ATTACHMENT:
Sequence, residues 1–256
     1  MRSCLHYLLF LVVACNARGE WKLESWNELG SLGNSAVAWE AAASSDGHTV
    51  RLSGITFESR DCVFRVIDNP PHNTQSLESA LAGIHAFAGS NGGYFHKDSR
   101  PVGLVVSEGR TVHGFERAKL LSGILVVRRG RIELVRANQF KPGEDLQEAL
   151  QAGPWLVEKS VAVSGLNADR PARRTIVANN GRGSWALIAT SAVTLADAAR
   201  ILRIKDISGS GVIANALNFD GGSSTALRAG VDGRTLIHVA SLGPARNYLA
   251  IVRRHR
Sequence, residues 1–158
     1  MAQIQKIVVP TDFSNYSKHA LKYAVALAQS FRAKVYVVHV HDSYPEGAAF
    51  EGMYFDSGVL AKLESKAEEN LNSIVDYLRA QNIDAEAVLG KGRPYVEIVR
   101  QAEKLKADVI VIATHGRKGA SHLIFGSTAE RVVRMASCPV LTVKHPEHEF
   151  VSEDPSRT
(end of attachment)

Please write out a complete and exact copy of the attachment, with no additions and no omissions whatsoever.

Sequence, residues 1–256
     1  MRSCLHYLLF LVVACNARGE WKLESWNELG SLGNSAVAWE AAASSDGHTV
    51  RLSGITFESR DCVFRVIDNP PHNTQSLESA LAGIHAFAGS NGGYFHKDSR
   101  PVGLVVSEGR TVHGFERAKL LSGILVVRRG RIELVRANQF KPGEDLQEAL
   151  QAGPWLVEKS VAVSGLNADR PARRTIVANN GRGSWALIAT SAVTLADAAR
   201  ILRIKDISGS GVIANALNFD GGSSTALRAG VDGRTLIHVA SLGPARNYLA
   251  IVRRHR
Sequence, residues 1–158
     1  MAQIQKIVVP TDFSNYSKHA LKYAVALAQS FRAKVYVVHV HDSYPEGAAF
    51  EGMYFDSGVL AKLESKAEEN LNSIVDYLRA QNIDAEAVLG KGRPYVEIVR
   101  QAEKLKADVI VIATHGRKGA SHLIFGSTAE RVVRMASCPV LTVKHPEHEF
   151  VSEDPSRT